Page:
Once every 15 years, Saturn's ring system is plunged into a four-day-long night, throwing the orbiting dust particles into startling relief.
The equinox observations can help astronomers better understand the structure and evolution of Saturn's rings, as well as the origin of the solar system.
A section of Saturn's rings are typically in shadow at any given time, experiencing a brief night that lasts from six to 14 hours. But during equinox, that night lasts for four whole days and affects the entire ring system.
Like Earth, Saturn experiences two equinoxes per orbit. During an equinox, each planet's equator lines up edge-on to its orbital plane, causing the sun to appear directly over the equator.
Of course, because Saturn is more distant from the sun, it takes much longer to complete an orbit — 29.5 Earth years, to be exact — so there is much more time between equinoxes than on Earth.
As equinox approaches, sunlight fades as the top edge of the solar disk appears to touch the ring (from the perspective of a viewer embedded in the rings). As the solar disk slowly crosses the rings, there is full darkness. Then the bottom edge of the sun rises above the ring planes, about four days after the sunlight originally began to fade.
Slideshow: Month in Space: January 2014 During equinox, light from the sun hits the ring particles at very low angles, which accentuates their topography, giving a 3-D view. (While Saturn's rings are wide, they are only about 30 feet (9 meters) thick.)
Saturn's most recent equinox occurred on Aug. 11, and NASA's orbiting Cassini spacecraft was there to capture the event.
Because of those low sun angles, the particles in the ring become very cold. Cassini's Composite Infrared Spectrometer (CRS) instrument took a ring temperature of minus 382 degrees Fahrenheit (minus 230 Celsius), the coldest temperature yet observed for the orbiting particles.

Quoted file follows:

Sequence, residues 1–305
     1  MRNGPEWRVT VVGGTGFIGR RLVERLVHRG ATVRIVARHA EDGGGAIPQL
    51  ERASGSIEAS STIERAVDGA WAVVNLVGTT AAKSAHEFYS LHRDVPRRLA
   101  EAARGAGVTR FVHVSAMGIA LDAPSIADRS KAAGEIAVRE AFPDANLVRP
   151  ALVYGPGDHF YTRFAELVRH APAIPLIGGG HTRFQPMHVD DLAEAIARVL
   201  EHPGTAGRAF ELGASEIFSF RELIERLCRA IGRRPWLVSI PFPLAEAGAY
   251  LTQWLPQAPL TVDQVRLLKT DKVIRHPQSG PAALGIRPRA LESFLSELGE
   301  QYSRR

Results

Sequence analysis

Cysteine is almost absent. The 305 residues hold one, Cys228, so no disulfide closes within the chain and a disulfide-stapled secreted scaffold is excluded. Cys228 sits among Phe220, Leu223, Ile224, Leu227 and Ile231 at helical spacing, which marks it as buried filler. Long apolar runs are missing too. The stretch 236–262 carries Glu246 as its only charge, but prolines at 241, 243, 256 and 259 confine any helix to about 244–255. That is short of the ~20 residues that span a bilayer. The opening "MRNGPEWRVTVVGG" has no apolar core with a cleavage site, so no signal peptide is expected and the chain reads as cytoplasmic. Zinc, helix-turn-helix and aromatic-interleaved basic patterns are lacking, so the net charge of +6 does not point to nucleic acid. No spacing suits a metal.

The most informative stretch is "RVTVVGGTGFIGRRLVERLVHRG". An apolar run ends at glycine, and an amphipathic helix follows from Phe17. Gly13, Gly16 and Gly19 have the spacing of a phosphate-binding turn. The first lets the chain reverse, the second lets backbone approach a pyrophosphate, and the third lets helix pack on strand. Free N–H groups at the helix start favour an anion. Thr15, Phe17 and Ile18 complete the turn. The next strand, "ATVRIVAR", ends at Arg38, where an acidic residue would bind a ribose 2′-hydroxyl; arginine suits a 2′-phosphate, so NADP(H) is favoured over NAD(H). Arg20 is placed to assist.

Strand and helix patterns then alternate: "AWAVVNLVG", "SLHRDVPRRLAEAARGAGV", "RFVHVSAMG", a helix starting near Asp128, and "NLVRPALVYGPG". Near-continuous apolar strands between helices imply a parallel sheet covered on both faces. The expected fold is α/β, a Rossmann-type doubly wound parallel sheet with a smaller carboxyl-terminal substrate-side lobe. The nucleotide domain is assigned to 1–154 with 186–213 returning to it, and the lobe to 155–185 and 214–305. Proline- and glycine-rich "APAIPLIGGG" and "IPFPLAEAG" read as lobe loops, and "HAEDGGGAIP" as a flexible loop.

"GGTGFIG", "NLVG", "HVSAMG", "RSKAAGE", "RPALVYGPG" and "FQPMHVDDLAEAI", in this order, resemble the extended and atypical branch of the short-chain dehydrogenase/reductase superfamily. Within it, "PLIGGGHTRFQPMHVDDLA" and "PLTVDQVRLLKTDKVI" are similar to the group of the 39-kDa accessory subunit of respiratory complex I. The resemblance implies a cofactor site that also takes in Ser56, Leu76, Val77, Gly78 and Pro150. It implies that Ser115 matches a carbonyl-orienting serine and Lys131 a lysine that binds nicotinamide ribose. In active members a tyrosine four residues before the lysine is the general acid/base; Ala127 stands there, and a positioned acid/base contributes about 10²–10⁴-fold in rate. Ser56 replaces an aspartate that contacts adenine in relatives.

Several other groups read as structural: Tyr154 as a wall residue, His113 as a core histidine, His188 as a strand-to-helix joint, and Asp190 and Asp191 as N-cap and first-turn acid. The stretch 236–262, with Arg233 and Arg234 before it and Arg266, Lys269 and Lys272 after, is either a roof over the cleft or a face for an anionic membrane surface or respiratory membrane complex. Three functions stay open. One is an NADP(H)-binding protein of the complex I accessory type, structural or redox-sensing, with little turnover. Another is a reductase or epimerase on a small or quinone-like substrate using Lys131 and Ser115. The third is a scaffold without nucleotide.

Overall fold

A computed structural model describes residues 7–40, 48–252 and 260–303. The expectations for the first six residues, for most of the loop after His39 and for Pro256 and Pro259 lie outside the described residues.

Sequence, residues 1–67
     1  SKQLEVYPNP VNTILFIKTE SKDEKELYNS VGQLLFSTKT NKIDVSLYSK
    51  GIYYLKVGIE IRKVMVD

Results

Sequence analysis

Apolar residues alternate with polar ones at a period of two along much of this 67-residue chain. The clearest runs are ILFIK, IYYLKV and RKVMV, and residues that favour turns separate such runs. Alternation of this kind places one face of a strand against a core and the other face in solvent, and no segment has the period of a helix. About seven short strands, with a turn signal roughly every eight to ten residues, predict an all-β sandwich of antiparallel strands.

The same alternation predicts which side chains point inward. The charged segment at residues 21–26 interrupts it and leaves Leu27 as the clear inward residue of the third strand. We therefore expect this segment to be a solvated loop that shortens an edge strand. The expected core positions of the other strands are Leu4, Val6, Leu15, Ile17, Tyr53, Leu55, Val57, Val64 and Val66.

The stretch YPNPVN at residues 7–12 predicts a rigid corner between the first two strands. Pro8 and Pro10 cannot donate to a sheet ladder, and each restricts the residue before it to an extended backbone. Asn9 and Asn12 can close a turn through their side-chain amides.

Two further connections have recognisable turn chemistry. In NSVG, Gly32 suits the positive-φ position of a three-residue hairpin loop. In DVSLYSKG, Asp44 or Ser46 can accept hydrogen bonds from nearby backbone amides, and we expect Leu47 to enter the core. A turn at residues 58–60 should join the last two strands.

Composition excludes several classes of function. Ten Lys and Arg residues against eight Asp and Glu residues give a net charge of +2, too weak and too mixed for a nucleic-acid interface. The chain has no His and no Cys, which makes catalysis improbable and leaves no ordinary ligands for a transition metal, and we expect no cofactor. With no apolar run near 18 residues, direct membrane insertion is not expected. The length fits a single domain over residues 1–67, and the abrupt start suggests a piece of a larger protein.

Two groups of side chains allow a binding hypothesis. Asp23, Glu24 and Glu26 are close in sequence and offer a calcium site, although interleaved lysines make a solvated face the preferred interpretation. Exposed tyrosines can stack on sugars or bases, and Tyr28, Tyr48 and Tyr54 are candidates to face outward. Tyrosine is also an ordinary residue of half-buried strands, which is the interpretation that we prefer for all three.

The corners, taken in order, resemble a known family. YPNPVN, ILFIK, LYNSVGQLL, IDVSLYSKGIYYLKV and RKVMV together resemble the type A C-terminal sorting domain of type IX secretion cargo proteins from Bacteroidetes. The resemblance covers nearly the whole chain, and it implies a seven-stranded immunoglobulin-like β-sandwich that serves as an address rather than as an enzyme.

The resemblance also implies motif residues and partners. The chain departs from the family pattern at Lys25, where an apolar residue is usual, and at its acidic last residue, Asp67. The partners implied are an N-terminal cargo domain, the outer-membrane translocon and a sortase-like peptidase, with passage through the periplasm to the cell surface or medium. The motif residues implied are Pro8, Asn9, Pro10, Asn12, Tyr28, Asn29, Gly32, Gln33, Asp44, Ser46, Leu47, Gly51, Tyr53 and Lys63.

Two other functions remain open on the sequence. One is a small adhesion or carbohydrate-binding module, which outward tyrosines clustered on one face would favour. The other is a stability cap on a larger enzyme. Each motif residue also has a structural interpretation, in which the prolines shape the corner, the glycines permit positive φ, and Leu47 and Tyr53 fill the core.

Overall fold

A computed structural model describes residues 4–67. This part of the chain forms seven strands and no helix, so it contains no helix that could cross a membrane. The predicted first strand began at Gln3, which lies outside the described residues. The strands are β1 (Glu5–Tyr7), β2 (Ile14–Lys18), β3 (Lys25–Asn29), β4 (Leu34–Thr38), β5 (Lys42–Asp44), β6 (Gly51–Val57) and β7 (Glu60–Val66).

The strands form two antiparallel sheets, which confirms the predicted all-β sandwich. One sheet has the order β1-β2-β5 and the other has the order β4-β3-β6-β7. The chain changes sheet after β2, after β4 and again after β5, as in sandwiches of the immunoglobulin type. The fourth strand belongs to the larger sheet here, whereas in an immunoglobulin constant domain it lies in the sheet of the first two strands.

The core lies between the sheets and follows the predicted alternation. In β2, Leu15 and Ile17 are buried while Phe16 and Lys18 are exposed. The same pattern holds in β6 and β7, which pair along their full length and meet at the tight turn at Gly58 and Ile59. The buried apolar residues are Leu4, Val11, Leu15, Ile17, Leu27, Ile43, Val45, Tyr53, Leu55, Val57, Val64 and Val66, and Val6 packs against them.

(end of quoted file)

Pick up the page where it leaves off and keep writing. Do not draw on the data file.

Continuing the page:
"The equinox is a very special geometry, where the sun is turned off as far as the rings themselves are concerned, and all energy comes from Saturn," said Michael Flasar of NASA's Goddard Space Flight Center in Greenbelt, Md., and the principal investigator for the CRS instrument.
The temperature of various rings changes with their location.
"Because Saturn's rings are so extended, going out to more than twice Saturn's radius (from the cloud tops), the furthest rings get less heat from Saturn than the innermost rings, so the ring temperatures at equinox tend to fall of with distance from Saturn's center," Flasar said.
Interestingly, the A-ring — the outermost of the wide, bright rings — did not cool off as much as expected. This anomalous temperature could be a clue to the ring's structure.
"One possibility is that the gravitational influence of moons outside the A-ring is stirring up wave in it," said Cassini team member Linda Spilker of NASA's Jet Propulsion Laboratory in Pasadena, Calif. "These waves could be much higher than the typical thickness of the rings. Since the waves rise above the ring plane, material in the waves would still be exposed to sunlight during the equinox, which would warm up the A-ring more than expected."
The effort to understand the rings could also help scientists paint a clearer picture of the origin of the solar system.
"Our solar system formed from a dusty disk, so by understanding the dynamics in a disk like Saturn's rings, we can gain insight into how Earth and the other planets in our solar system were made," Spilker said.
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